All plots were harvested when 80% of the plants in the plot had lodged. The harvest date was considered the maturity date and the number of days from sowing until harvest was counted for each plot. The root systems of 20 bulbs from each plot were rated for the severity of pink root symptoms on a scale of 1 (no infected roots) to 9 (completely infected roots). After rating, bulbs were placed in mesh sacks and, on the same day, transferred indoors to an onion shed. Bulbs were cured for 3 to 4 d under ambient conditions to reduce storage losses and decay. After curing, the total bulb fresh weight was measured for each plot. Bulbs were graded to remove culls (diseased bulbs, bulbs under 3.8 cm in diameter, split and double bulbs). The number of culls was subtracted from the total bulb number to obtain the marketable bulb number per plot. After bulbs were graded, they were weighed again to obtain marketable bulb weight per plot. The average bulb weight was calculated by dividing marketable bulb weight by marketable bulb number. For 20 bulbs per plot, dry outer scale color, adherence, thickness, and quality were rated for each bulb. Color was rated on a scale of 1 (very light yellow) to 9 (dark brown). Adherence was rated on a scale of 1 (scales easily removed when force is applied) to 5 (scales remained attached to bulb when force is applied). Thickness was rated on a scale of 1 (very thin) to 5 (very thick). Quality was rated on a scale of 1 (poor) to 9 (very excellent). Poor scale quality characteristics included very light dry outer scale color, few scale layers, easily removed dry outer scale such that no scale remained on the bulb, fleshy scale greening, dry outer scale staining or discoloration, and/or nonuniform dry outer scale color. Excellent scale characteristics included tendency to have darker dry outer scale color, multiple dry outer scale layers, excellent scale adherence such that multiple scale layers remain on the bulb after grading, uniform dry outer scale color, absence of dry outer scale discoloration or staining, and/or absence of fleshy scale greening. In addition, the number of dry outer scales that remain on the bulb after grading was recorded for 20 bulbs per plot. After rating for scale characteristics, 20 bulbs per plot were rated for firmness. Bulbs were rated on a scale of 1 (soft) to 9 (hard) when they were squeezed by hand at two separate points at the vertical center. After firmness rating, 25 bulbs were cut transversely at the widest point on the vertical axis to determine the percent of bulbs possessing a single growing point. If a bulb possessed a single growing point or multiple growing points within 1.3 cm of the bulb center, then the bulb was considered single-centered. The F-test in the General Linear Models procedure of the SAS statistical software (SAS Institute, Cary, NC; Version 9.2) was used to determine differences among means of ‘NuMex Fabian Garcia’, ‘Exacta’, and ‘NuMex Jose Fernandez’ for each trait. The Proc Means statement was used to calculate the cultivar means across four replications. Mean separation was performed using Fisher’s protected least significant difference among different entries at the 5% level of significance.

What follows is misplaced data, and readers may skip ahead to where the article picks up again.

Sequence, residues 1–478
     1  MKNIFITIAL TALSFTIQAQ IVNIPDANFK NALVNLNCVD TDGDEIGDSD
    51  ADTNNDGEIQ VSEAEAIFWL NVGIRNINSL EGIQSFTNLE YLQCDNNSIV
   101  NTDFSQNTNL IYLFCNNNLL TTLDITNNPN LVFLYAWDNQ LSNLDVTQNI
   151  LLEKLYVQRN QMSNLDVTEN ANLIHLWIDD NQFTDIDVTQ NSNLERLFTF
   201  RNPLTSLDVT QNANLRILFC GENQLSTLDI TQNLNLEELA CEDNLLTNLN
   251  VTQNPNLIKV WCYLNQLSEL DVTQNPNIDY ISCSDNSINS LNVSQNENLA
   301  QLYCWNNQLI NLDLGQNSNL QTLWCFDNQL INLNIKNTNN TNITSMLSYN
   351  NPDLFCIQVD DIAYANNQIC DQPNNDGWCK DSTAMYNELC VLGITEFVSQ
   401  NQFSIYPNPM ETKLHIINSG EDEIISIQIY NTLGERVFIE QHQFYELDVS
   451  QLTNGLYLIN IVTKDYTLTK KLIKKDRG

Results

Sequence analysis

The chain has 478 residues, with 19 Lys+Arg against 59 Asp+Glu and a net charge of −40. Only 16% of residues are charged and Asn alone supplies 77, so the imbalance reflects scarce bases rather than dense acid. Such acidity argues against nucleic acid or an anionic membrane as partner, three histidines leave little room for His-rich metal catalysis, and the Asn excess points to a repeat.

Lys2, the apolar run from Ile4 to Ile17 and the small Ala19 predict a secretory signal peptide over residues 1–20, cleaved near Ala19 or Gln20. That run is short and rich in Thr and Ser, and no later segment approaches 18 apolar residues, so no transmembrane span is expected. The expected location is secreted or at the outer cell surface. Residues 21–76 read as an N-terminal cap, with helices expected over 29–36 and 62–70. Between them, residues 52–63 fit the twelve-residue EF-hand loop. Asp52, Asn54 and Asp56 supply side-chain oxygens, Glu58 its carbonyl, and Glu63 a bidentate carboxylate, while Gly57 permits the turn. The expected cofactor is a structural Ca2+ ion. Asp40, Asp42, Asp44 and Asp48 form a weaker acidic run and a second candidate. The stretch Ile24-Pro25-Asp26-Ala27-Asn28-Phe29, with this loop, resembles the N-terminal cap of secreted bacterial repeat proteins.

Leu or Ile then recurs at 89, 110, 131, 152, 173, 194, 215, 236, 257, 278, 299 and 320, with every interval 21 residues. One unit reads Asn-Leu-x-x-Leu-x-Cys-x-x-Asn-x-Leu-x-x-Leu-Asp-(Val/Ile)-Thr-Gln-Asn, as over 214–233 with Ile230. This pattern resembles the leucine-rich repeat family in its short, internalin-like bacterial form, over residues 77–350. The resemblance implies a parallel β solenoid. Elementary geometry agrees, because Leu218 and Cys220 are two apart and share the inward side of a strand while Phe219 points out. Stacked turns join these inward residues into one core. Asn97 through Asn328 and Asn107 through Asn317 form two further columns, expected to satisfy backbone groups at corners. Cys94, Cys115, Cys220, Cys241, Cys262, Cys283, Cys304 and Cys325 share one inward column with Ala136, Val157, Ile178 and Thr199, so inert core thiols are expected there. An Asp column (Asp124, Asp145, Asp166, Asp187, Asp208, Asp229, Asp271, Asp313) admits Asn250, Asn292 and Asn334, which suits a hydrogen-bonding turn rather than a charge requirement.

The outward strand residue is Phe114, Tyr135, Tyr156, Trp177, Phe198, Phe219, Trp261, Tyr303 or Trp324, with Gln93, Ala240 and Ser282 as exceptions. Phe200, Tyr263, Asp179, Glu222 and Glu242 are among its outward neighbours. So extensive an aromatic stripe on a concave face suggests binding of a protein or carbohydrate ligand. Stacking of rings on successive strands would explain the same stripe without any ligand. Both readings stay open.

Description and Performance